Impact of an Intimate Relationships Class on Unrealistic Relationship Beliefs

By Bass, Brenda L.; Drake, Teske R. et al. | Journal of Family and Consumer Sciences, January 2007 | Go to article overview

Impact of an Intimate Relationships Class on Unrealistic Relationship Beliefs


Bass, Brenda L., Drake, Teske R., Linney, Kirsten D., Journal of Family and Consumer Sciences


Unrealistic relationship beliefs have been shown to be related to lower levels of relationship satisfaction. Yet, young adults often hold unrealistic or irrational beliefs about intimate relationships. The purpose of this study was to assess the effectiveness of an intimate relationships course in reducing young adults' irrational relationship beliefs. Results indicated a decrease in irrational beliefs, although levels of romanticism remained stable. Gender differences were noted. In addition, participants reported an increase in their knowledge about relationship processes. According to instructor observations and student reports, the two teaching techniques most successful in changing unrealistic relationship beliefs were observing people discuss or enact relationships through guest speakers and video clips, and writing short reaction papers that required exploring one's attitudes and beliefs on a topic.

Marriage education has long been a topic of interest, with studies dating back at least 50 years. Dunn (1965) found that "young people's unrealistic and inconsistent expectations of marriage [were] fertile ground for conflict in marriage" (cited in Duvall, 1965, p. 177). This statement remains congruent with the findings of more current research on relationship beliefs among college-age women and men (Larson, 1988; Murray & Holmes, 1997). It is important that family life educators help young people become more knowledgeable about the reality of relationships so that they can develop and maintain healthy intimate relationships. Interpersonal relationships courses in high school or college settings represent one potential avenue for this education. Here adolescents and young adults can be exposed to empirical and theoretical knowledge about intimate relationships and at the same time reflect upon and apply that knowledge to their own personal relationships.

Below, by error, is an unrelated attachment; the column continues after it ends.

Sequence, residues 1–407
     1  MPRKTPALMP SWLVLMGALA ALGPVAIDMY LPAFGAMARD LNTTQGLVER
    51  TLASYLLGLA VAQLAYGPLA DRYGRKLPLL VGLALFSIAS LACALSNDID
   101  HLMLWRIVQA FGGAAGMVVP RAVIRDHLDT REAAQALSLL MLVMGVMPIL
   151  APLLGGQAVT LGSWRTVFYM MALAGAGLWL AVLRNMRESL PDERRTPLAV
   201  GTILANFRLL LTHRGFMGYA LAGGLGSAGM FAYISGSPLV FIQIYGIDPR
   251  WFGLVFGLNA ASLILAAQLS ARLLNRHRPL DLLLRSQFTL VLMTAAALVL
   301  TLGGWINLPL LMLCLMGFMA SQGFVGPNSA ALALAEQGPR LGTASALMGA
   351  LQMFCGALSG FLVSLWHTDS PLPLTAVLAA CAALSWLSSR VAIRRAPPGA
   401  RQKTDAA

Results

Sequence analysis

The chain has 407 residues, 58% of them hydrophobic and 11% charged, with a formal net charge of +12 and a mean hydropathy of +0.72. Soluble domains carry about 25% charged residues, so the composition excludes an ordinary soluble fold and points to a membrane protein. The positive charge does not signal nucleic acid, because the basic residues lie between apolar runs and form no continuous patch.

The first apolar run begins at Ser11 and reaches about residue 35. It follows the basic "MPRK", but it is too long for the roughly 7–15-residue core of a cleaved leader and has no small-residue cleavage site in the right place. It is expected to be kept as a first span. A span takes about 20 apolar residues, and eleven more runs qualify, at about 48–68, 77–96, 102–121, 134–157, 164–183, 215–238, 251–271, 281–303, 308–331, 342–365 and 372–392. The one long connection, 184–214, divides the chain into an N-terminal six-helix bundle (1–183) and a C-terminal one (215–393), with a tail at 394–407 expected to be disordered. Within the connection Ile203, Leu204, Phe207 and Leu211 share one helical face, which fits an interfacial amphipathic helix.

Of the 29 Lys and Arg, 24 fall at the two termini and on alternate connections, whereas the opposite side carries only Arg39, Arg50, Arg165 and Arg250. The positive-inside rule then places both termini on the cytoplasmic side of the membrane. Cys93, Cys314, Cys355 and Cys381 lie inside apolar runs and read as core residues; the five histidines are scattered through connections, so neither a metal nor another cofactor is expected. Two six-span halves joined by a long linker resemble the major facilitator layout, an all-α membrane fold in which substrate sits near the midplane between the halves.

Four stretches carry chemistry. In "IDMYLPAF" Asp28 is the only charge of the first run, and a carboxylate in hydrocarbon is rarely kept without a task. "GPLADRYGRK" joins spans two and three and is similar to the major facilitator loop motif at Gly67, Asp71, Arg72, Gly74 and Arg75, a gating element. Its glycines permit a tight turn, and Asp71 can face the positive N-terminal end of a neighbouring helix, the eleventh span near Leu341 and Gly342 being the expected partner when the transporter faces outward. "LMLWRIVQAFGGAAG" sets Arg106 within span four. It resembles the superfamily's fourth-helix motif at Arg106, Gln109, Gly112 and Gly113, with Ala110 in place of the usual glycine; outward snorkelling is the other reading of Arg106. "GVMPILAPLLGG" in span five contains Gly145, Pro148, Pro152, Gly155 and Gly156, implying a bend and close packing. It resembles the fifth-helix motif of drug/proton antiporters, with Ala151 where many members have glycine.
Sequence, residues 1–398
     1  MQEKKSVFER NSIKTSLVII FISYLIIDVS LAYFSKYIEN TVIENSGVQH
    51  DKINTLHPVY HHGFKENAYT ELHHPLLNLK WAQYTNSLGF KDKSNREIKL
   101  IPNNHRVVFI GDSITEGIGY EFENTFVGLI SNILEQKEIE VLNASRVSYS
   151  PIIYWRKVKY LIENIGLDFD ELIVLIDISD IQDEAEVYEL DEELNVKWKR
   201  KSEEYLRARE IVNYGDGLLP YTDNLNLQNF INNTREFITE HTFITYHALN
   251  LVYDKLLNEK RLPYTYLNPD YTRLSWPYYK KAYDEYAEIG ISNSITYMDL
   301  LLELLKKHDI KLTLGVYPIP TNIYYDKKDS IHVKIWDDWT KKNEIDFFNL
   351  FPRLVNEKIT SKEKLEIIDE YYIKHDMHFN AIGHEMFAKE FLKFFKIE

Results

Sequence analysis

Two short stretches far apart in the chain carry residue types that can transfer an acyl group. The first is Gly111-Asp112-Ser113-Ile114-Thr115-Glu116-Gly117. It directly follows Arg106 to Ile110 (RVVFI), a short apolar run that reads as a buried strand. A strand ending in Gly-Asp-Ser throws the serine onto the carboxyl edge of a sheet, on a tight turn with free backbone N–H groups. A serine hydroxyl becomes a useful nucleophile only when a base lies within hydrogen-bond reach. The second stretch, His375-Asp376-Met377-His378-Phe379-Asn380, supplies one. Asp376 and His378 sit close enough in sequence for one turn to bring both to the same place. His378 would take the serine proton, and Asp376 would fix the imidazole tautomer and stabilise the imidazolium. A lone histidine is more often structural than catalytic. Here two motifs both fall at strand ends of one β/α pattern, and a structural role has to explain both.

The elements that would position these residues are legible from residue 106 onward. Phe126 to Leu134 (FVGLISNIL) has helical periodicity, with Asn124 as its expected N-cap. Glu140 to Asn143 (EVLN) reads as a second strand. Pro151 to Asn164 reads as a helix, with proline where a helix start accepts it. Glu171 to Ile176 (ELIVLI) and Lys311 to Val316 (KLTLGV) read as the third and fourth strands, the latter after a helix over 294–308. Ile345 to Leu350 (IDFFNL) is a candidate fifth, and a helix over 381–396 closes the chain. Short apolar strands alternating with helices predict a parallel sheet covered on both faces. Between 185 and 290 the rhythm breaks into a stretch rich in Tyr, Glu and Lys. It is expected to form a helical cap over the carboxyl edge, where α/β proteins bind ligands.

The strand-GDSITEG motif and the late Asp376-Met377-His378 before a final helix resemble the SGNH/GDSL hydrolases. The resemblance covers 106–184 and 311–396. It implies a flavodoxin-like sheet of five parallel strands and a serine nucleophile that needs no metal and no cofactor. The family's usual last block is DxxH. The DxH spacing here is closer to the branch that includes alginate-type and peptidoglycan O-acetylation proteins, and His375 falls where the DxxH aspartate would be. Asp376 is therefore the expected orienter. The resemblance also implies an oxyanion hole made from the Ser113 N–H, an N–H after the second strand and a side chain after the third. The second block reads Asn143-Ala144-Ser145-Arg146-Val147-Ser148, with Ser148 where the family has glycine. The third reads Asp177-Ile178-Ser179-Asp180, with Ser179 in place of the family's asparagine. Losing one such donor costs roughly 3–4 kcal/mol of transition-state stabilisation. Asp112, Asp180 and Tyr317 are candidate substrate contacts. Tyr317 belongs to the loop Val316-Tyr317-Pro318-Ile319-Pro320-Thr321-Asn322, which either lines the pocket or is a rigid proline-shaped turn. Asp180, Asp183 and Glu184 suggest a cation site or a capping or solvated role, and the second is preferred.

Both early and more recent studies have shown that this approach may have positive effects on levels of unrealistic relationship beliefs. In early studies, for example, married college students who participated in a preparation for marriage course reported more happiness in marriage than students who did not take the course (Dyer, 1959), and students in marriage courses had more realistic views of marriage and were in favor of such courses (Duvall, 1965). Sharp and Ganong (2000) suggested that inaccurate expectations are an important source of college students' unrealistic relationship beliefs. Unrealistic beliefs include a variety of ideas that may leave people more vulnerable to relationship dissatisfaction and lower relationship functioning (Sharp & Ganong, 2000).

Unrealistic relationship beliefs can be conceptualized in different ways. Eidelson and Epstein (1982) argued that five core beliefs can undermine relationships: (a) disagreement is destructive, (b) mindreading is expected, (c) partners cannot change, (d) sexual perfectionism is expected, and (e) the sexes are different. Sprecher and Metts (1999) focused on extreme romantic beliefs, or the "romantic ideal," as the foundation for unrealistic views. Extreme romanticism consists of thoughts that love can conquer any obstacle, belief in a soulmate, adulation for one's partner to the point of idealization, and love at first sight. Individuals often find this romantic ideal does not prevail and later encounter disillusionment and dissatisfaction in their relationships (Sharp & Ganong, 2000). Experts suggest that situations in which one or both partners have unrealistic or irrational relationship beliefs probably will lead to marital distress and lower satisfaction because the relationship does not meet the partners' expectations (Stackert & Bursik, 2003; Sullivan & Schwebel, 1995). Disappointment also occurs in relationships when partners assess each other's actions in accordance with extreme standards (DeBord, Romans, & Krieshok, 1996). In summary, unrealistic relationship beliefs have been linked to relationship dissatisfaction that potentially can be avoided through preventive educational programs. …

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Impact of an Intimate Relationships Class on Unrealistic Relationship Beliefs
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